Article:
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We all know the trouble overflows can cause, and this is why strn* exist - and most of the time they make sense. However, I have seen code which uses strncmp to compare commandline parameters like so:

if(... strncmp(argv[i], "--help", 6) == 0

Now, I would have thought that this is unnecessary and perhaps even dangerous (for longer parameters it would be easy to miscount the characters in the literal).

strncmp stops on nulls, and the code already assumes argv[i] is null-terminated. Any string literal is guaranteed to be null-terminated, so why not use strcmp?

Perhaps I'm missing something, but I've seen this a few times and this time it intrigued me enough to ask.

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9 Answers 9

up vote 8 down vote accepted

yes it is perfectly safe and considered standard practice. String literals are guaranteed to be properly null terminated.

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Are you sure that the code is not intended to match on "--helpmedosoemthingwithareallylongoptionname"?

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This seems like a distinct possibility. –  Andrew Medico Jan 15 '09 at 22:04
    
that's a very good point. I don't think so in this case since all commandline args are done this way –  Draemon Jan 15 '09 at 23:33
1  
The more likely intent was to match things like --help=foobar, but unfortunately it would also match things like --helper-program. I think the code is just buggy. –  R.. Jan 22 '12 at 6:31

You're right.

Moreover, the example you provided would match "--help" but also everything that begins with "--help" (like "--help-me").

A rare case in which overzealous == wrong.

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As others have said, strcmp() is perfectly safe to use with literals. If you want to use strncmp(), try this:

strncmp(argv[i], "--help", sizeof("--help"))

Let the compiler do the counting for you!

This will only match the exact string "--help". If you want to match all strings which begin with "--help" (as your code does), use sizeof() - 1 to not include the last '\0'.

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you mean sizeof("--help") - 1, since sizeof will include the null terminator. –  Evan Teran Jan 15 '09 at 21:52
    
@Evan: depends on what you want to do - already edited my answer ;) –  Christoph Jan 15 '09 at 21:52
    
Then why use strncmp() in the first place? Much more verbose and redundant. Just use strcmp() if you only want to match the exact string. –  Colin D Bennett Jan 23 at 0:08

As far as I know, you're absolutely right--there's no reason to use strncmp instead of strcmp. Perhaps people are just being overcautious (not necessarily a bad thing).

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I would probably write something like this in C(if I was using strncmp a lot & didn't want to do character counting):

if(... strncmp(argv[i], "--help", sizeof("--help") - 1) == 0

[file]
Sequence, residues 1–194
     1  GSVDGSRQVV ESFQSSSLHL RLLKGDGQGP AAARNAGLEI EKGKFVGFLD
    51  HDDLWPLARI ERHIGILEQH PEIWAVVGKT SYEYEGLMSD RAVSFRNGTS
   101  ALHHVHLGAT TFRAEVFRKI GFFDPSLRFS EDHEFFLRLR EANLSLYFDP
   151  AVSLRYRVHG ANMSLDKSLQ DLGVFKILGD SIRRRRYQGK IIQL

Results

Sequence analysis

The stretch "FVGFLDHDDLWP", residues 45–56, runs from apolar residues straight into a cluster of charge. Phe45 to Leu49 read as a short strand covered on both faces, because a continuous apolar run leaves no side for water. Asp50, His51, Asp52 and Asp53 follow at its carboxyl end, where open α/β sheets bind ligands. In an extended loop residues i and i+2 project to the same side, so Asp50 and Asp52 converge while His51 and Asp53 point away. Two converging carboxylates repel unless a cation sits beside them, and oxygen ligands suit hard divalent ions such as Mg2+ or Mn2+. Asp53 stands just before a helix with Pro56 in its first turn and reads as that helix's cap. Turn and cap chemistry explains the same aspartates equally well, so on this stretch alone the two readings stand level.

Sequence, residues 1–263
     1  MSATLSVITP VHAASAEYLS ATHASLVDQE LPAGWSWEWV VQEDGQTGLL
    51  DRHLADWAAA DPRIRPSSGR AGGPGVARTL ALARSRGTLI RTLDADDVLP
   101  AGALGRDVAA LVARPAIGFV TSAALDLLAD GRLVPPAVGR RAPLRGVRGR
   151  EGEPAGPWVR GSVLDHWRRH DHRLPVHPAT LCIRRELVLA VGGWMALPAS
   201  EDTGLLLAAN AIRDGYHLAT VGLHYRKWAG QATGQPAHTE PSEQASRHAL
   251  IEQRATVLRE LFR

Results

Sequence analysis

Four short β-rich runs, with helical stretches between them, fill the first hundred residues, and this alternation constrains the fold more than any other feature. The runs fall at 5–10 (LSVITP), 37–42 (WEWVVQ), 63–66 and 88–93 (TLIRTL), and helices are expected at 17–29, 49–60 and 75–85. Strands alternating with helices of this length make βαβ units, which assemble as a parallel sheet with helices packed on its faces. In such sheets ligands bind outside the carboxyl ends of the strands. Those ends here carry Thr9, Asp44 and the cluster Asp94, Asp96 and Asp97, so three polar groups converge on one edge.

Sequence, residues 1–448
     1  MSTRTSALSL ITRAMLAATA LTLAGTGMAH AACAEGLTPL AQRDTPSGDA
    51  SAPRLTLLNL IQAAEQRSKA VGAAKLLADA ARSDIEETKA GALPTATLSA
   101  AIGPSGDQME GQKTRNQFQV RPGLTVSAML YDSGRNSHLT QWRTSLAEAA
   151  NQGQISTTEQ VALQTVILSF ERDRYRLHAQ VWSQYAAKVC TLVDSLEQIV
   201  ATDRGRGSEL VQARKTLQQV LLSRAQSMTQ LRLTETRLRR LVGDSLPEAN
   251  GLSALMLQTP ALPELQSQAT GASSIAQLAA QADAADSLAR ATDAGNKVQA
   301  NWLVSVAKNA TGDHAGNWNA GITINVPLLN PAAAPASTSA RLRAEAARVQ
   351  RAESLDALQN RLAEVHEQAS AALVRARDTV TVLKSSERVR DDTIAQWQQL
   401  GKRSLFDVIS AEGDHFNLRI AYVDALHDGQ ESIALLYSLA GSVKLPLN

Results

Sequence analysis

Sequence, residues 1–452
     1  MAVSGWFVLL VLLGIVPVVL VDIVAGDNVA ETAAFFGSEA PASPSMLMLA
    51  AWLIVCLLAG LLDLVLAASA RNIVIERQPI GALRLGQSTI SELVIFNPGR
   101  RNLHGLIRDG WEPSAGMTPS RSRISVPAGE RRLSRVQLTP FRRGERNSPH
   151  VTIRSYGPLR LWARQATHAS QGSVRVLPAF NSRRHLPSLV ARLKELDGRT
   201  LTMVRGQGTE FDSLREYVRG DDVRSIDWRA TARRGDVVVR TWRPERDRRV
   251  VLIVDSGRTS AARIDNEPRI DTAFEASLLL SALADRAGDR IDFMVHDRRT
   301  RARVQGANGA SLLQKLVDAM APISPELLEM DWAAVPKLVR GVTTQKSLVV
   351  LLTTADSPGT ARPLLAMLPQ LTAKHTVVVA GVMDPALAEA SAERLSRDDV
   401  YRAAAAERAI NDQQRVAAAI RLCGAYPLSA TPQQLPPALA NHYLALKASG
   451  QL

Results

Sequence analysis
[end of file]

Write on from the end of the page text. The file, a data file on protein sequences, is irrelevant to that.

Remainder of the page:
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but that iterates the string twice unnecessarily. At least use (sizeof("--help") - 1). And yes, sizeof works correctly on string literals since their size is known at compile time. –  Evan Teran Jan 15 '09 at 21:47
    
Also, no, strlen does not count the null. –  Evan Teran Jan 15 '09 at 21:48
    
I wasn't sure about sizeof against string literals. In general, I'd suggest C++ and std::string. :-) –  Paul Nathan Jan 15 '09 at 21:57

Yes, the presence of literal limits the size of compared data to the size of the literal. stncmp is redundant here.

Some may say that strncmp is a good habit to get into, but this is outweighted by the trouble of counting chars.

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It's probably not done for safety. It could have been done to check only the start of command line parameter. Many programs just check the beginning of the command line switches and ignore the rest.

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er... technically couldn't something like this happen?

char *cp1 = "help";
cp1[4] = '!'; // BAD PRACTICE! don't try to mutate a string constant!
// Especially if you remove the terminating null!
  ...
strcmp(some_variable, "help"); 
// if compiler is "smart" enough to use the same memory to implement
// both instances of "help", you are screwed...

I guess this is a pathological case and/or garbage-in, garbage out ("Doc, it hurts when I whack my head against the wall!" "Then don't do it!")...

(p.s. I'm just raising the issue -- if you feel this post muddies the waters, comment appropriately & I'll delete it)

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Since the string modification is forbidden, I don't think you can say that other code is wrong because it is affected by it. It's like saying there's an error in one program because it can be executed by exploiting a buffer overflow in another. –  Draemon Jan 15 '09 at 23:22
    
If the two strings were stored in the same place, then the modification affects both strings, and the comparison will still be equal - or you get a core dump. Of course, the behaviour is undefined; anything is possible - Google for 'nasal demons' if you like. –  Jonathan Leffler Jan 16 '09 at 3:05
    
A program which does this is ill-formed, so as far as your program is concerned all logic ends there. –  Thomas Dec 22 '13 at 2:12

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